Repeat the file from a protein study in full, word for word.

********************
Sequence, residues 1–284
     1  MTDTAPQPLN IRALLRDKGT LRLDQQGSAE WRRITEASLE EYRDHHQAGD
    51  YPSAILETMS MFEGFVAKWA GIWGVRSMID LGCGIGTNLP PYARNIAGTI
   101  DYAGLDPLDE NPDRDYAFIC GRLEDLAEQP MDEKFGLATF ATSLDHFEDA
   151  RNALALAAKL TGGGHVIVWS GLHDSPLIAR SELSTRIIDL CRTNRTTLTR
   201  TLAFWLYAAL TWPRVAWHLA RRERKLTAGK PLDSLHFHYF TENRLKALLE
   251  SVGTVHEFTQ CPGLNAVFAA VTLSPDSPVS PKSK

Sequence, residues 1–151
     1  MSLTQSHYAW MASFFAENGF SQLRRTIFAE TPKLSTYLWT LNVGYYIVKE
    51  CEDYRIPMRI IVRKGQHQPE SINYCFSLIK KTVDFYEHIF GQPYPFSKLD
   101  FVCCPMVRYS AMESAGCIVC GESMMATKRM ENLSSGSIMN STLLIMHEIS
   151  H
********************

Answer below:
Sequence, residues 1–284
     1  MTDTAPQPLN IRALLRDKGT LRLDQQGSAE WRRITEASLE EYRDHHQAGD
    51  YPSAILETMS MFEGFVAKWA GIWGVRSMID LGCGIGTNLP PYARNIAGTI
   101  DYAGLDPLDE NPDRDYAFIC GRLEDLAEQP MDEKFGLATF ATSLDHFEDA
   151  RNALALAAKL TGGGHVIVWS GLHDSPLIAR SELSTRIIDL CRTNRTTLTR
   201  TLAFWLYAAL TWPRVAWHLA RRERKLTAGK PLDSLHFHYF TENRLKALLE
   251  SVGTVHEFTQ CPGLNAVFAA VTLSPDSPVS PKSK

Sequence, residues 1–151
     1  MSLTQSHYAW MASFFAENGF SQLRRTIFAE TPKLSTYLWT LNVGYYIVKE
    51  CEDYRIPMRI IVRKGQHQPE SINYCFSLIK KTVDFYEHIF GQPYPFSKLD
   101  FVCCPMVRYS AMESAGCIVC GESMMATKRM ENLSSGSIMN STLLIMHEIS
   151  H